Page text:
The agency hasn’t struggled to recruit and retain therapists and other salaried specialists. Hourly staff trained to work on site 24-7 are a different matter. Dugan hopes more applicants — who must be at least 21 years old — will materialize as the pandemic winds down.
She isn’t counting on it.
Her organization offers $14-an-hour starting pay. It was working toward $15 before the pandemic hit, and is now considering $16.
“These folks need to be paid more, so that it is a living wage and they can take care of their families and do the job they love and make an impact in the community,” she said. “The Amazons of the world, the FedEx, the places where 21-year-olds go to work — they’re paying $18, $19, $20.”
Hiking pay will require significant fundraising by KidsTLC, which gets paid by Medicaid for its patients.
Medicaid rates are widely considered low compared to private health insurance. KidsTLC expects Medicaid would likely eventually increase its payments in recognition of the higher hourly pay, but it says adjustments like that take six months to a year to kick in and won’t help retroactively.
“We are this month sitting down to say, how do we find this large infusion of dollars, to at least get our minimum wage to 15 or 16?” Dugan said. “How does KidsTLC find a couple million dollars? It’s not sitting around. We don’t have a couple millions of dollars sitting around.”
She said the state is also encouraging her to put together cost estimates for her other ideas, such as child care subsidies.
Aetna paperwork delays
Meanwhile, the state has called on one of its Medicaid contractors to reduce wait times for kids.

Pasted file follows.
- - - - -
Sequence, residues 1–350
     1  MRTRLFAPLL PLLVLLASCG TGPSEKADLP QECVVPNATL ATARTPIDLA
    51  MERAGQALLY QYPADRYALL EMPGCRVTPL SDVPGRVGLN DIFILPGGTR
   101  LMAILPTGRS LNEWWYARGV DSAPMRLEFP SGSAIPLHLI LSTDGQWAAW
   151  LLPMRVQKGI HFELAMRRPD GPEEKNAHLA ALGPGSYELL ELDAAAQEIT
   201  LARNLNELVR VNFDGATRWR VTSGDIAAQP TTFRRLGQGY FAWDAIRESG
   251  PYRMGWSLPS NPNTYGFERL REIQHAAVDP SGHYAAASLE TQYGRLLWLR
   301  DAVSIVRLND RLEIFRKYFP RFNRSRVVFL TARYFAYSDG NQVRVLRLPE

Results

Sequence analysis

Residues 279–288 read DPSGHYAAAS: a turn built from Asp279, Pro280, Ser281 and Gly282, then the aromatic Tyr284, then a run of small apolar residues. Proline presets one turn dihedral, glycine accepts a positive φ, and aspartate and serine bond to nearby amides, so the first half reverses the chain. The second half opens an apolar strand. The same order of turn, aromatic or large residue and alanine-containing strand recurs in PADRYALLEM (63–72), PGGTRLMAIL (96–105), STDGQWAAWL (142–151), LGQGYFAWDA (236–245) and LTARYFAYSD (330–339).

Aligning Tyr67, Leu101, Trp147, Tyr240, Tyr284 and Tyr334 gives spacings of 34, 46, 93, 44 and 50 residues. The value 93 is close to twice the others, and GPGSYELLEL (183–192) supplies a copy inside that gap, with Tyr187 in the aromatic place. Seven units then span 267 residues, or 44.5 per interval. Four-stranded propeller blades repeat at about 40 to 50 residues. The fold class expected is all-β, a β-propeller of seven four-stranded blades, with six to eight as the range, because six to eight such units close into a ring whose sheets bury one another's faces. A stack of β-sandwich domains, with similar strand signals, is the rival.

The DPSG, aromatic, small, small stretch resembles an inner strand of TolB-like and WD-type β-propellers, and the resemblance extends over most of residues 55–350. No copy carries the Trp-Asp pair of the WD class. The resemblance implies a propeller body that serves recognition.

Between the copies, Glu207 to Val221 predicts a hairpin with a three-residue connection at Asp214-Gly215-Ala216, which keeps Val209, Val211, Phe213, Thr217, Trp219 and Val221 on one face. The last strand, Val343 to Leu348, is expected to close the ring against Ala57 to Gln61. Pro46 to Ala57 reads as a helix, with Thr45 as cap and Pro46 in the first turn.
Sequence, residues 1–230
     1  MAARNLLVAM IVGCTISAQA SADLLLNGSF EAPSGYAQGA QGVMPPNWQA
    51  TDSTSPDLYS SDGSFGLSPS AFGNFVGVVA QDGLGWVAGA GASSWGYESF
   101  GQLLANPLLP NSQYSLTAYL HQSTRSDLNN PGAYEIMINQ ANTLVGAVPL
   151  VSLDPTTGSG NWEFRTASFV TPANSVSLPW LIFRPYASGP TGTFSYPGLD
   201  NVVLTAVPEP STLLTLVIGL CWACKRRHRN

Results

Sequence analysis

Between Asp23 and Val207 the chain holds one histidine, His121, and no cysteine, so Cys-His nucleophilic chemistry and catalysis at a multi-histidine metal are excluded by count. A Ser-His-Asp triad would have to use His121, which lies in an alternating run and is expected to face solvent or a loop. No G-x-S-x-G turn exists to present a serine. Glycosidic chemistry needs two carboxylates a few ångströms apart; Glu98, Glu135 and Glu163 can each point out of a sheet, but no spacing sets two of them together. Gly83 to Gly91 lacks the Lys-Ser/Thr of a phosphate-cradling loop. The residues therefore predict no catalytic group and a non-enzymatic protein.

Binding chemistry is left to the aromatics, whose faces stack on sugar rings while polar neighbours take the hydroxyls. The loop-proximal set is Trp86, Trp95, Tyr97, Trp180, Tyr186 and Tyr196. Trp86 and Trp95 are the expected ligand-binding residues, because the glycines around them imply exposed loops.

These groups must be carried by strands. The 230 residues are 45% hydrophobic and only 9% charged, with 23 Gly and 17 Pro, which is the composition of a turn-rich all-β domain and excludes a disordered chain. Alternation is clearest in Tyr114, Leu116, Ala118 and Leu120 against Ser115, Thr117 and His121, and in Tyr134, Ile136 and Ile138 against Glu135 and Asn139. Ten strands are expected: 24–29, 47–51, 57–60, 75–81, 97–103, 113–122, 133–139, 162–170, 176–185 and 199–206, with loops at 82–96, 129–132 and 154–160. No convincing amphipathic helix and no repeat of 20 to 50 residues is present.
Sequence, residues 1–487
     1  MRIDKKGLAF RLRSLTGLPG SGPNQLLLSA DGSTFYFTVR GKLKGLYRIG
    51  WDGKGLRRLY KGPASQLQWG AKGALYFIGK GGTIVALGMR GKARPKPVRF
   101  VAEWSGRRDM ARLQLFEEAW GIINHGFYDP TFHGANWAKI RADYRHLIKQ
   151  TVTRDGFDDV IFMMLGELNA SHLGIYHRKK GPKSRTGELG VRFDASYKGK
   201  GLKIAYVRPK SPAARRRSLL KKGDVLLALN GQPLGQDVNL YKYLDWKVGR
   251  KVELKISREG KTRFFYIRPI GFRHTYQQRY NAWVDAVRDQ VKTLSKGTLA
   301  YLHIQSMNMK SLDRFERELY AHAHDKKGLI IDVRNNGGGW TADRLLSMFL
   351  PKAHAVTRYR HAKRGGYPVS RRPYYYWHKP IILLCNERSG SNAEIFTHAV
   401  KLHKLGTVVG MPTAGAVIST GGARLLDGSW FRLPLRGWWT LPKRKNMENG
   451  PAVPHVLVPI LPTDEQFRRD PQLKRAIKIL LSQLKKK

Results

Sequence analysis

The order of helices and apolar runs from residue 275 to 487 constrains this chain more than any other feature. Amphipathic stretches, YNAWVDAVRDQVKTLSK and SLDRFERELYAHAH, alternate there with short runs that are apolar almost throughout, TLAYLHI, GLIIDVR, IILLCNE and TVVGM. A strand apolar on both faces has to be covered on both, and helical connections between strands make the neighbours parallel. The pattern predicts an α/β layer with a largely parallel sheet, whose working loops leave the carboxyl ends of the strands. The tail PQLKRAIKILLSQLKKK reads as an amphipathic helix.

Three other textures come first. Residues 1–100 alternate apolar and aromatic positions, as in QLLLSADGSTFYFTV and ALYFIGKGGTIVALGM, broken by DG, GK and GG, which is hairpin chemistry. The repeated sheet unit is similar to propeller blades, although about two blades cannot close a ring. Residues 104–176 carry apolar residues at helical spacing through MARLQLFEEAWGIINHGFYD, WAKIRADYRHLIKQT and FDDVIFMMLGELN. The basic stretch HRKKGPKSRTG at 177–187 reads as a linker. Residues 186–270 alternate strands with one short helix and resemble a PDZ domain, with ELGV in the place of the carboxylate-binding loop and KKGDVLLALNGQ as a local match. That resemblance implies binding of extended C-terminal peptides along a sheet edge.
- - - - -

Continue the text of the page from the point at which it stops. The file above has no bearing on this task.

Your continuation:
The Kansas Medicaid system — also known as KanCare — is privatized. Anyone on Medicaid falls under one of three private companies that run the program: Aetna Better Health of Kansas, Sunflower or UnitedHealthcare.
Those companies review and approve applications for residential treatment. But after the state began tracking wait times by company in 2019, it revealed that children with Aetna waited significantly longer than those with Sunflower or UnitedHealthcare. The company appeared to have problems promptly gathering paperwork such as parental releases to get children in line for care.
“We hope that we will see improvements,” Brown said.
In a statement to the Kansas News Service, Aetna said it took swift action after the state pointed out the problem.
“We immediately took steps to review our process, identify causes for delays, and implement the changes necessary to minimize interruptions in care for our members,” the statement says. “As a result of our internal review we have modified our processes to eliminate avoidable delays.”
Editor’s note: This story was reported in memory of KCUR reporter Aviva Okeson-Haberman, a dedicated journalist who began the research for it and submitted the open records requests shortly before her death.
Celia Llopis-Jepsen reports on consumer health for the Kansas News Service. You can follow her on Twitter @celia_LJ or email her at celia (at) kcur (dot) org.
The Kansas News Service is a collaboration of KCUR, Kansas Public Radio, KMUW and High Plains Public Radio focused on health, the social determinants of health and their connection to public policy.
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This article was republished here with the permission of: KMUW